Chinese Soul Food: Delighting in Vegetables

By Hsiao-Ching Chou, guest contributor

This article was originally published in January 2021

Hsiao-Ching Chou serving up food with her son

The Chinese title of my latest cookbook translates to “purest joy of eating vegetables.” It’s inspired by a poem from the Song Dynasty scholar and poet Su Shi, also known as Su Dongpo. The poem describes a walk in the mountains on a dewy spring morning and the lightness of being that comes from eating the vegetable shoots he gathers. Such vegetable lyricism from someone whose namesake dish (Dongpo rou) features red-braised pork belly reflects how deeply ingrained vegetables are in our cooking and culture.

Language is full of stories and the Mandarin Chinese word for vegetables, “cai,” serves a range of contexts. When I ask my mother if she wants to go with me to mai cai (buy vegetables), I’m asking if she wants to go grocery shopping. Specific vegetables start with a descriptor such as you cai (yu choy), bai cai (napa cabbage), qin cai (celery), qing cai (baby bok choy). Cai also represents the dish (vegetarian or not) you cook or eat. What cai should we cook today? Which cai would you like to order from the menu? When society was more agrarian, restaurants were called cai (vegetable) guan (shop). Over time, cai guan broadened to can (meal) guan (shop)—where, of course, you can order many types of cai.

To me, vegetables are life. When I announce I need to go grocery shopping, my husband understands it’s because we are low on my staple Asian vegetables: Chinese (or napa) cabbage, baby bok choy, yu choy, gai lan and gai choy are musts. The hardy Chinese cabbage holds up well in the fridge and can withstand the longer cooking times of soups or braises. The more tender leafy greens usually end up in quick stir-fries.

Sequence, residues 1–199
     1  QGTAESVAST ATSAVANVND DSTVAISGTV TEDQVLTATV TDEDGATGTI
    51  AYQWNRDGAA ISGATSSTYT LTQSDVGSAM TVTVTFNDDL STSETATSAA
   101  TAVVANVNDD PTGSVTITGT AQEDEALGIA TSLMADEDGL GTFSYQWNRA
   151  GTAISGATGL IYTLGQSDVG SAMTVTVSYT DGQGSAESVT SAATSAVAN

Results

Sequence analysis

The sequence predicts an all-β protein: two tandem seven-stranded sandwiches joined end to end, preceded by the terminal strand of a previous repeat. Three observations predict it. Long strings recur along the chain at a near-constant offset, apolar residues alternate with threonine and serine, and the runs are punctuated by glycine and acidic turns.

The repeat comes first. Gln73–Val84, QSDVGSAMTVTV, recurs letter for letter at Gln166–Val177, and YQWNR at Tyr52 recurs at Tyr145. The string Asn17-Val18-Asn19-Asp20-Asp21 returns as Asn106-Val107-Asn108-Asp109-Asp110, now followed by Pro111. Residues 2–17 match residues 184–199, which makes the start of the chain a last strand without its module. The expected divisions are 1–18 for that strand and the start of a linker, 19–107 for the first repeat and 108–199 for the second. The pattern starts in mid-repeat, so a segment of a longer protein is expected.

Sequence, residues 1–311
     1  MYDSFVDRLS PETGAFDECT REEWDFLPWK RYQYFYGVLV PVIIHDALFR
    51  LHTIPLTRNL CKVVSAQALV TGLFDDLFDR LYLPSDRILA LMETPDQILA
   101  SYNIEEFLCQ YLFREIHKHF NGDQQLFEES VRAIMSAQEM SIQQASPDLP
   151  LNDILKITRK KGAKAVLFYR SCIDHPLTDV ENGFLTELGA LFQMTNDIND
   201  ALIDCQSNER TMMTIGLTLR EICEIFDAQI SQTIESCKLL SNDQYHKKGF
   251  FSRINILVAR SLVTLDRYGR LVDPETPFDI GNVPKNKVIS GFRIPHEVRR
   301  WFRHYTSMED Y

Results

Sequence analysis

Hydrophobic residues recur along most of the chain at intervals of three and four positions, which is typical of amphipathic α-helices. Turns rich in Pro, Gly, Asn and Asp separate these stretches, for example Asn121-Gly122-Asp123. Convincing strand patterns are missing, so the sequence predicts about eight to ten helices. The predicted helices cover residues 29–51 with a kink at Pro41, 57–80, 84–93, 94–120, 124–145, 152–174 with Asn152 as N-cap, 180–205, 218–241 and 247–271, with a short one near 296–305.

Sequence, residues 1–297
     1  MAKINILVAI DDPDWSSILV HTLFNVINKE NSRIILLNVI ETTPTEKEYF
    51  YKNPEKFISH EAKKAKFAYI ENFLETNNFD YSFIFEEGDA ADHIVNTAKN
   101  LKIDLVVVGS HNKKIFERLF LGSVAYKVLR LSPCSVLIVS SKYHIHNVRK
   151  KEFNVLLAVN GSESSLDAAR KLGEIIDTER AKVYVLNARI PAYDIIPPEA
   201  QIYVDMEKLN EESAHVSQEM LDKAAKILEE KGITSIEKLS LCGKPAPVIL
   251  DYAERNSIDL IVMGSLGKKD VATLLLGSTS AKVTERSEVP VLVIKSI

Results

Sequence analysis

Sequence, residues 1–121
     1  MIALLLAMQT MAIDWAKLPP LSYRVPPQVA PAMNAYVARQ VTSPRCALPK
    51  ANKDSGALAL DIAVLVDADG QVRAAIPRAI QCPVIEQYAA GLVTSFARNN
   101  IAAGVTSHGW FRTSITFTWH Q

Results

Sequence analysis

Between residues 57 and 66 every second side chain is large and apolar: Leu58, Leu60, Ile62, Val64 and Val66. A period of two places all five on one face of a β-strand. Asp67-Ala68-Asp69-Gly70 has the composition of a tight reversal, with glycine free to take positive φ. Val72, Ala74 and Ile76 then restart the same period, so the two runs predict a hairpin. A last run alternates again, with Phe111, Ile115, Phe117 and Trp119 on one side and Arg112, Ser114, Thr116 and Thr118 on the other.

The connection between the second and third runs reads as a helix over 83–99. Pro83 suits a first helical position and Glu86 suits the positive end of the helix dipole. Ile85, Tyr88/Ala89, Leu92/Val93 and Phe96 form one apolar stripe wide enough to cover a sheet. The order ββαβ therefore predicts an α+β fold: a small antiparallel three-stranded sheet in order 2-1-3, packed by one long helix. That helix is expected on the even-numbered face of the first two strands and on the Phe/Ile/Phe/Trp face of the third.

In Chinese cooking, it is an internalized practice to balance flavors, textures, seasonality, therapeutic effects, and, especially during Lunar New Year (Feb. 12), symbolism. If I don’t cook and eat enough vegetables, leafy ones in particular, I start to feel out of sorts. That’s when the pot of rice goes on and a pile of greens comes out. I then decide what ingredients will enhance the greens and what other dishes will complement one another.

After a few rounds with a searing-hot wok, I have a sumptuous meal with something for everyone in my family. I always place the cai on my end of the table, though. It’s where they bring the most joy.

Seared tofu and bok chow photo courtesy of Sasquatch Books

Photo courtesy of Sasquatch Books


Seared Tofu with Baby Bok Choy

While I use baby bok choy in this recipe, you can opt for your choice of tender, leafy greens.

Makes 4 Servings

About 7 ounces medium or firm tofu (half a standard block), cut into ½-inch-thick slices, then each square cut in half diagonally to create triangles

2 tablespoons soy sauce, divided

⅓ cup cornstarch, for dredging

2 tablespoons plus 1 teaspoon vegetable oil

3 cups sliced baby bok choy, about ½-inch thick

½ cup brown beech mushrooms or enoki mushrooms

2 cloves garlic, finely chopped

½ cup water

¼ teaspoon sesame oil


Place the tofu in a shallow dish and drizzle 1 tablespoon of the soy sauce over the pieces. Carefully turn the tofu a few times to coat with the soy sauce. Put the cornstarch in another shallow dish or plate. Dredge the tofu with the cornstarch, making sure the tofu pieces are evenly coated. In a medium skillet, heat 2 tablespoons of the vegetable oil over medium-low heat for about 1 minute. Place the tofu in the skillet, placing as many as will fit in the pan without overcrowding. Sear 1 to 2 minutes on each side, or until richly browned. Place the tofu on a clean plate. Repeat with any remaining tofu. Set aside.

Preheat a wok over high heat until wisps of smoke rise from the surface. Add the remaining 1 teaspoon vegetable oil and heat until it starts to shimmer. Add the bok choy and stir for 30 seconds. Add the mushrooms and garlic. Stir for a few seconds to combine. Add the water and stir to combine. Add the tofu and remaining 1 tablespoon soy sauce, stirring carefully to combine. Reduce the heat to medium low and let simmer for 1 to 2 minutes, or until the sauce is slightly thickened. Finish with sesame oil.


From Vegetarian Chinese Soul Food: Deliciously Doable Ways to Cook Greens, Tofu, and Other Plant-Based Ingredients (Sasquatch Books, $27)

Cook with Hsiao-Ching

Sign up for Hsiao-Ching Chou’s PCC classes on Vegetarian Chinese Soul Food and Dim Sum At Home.

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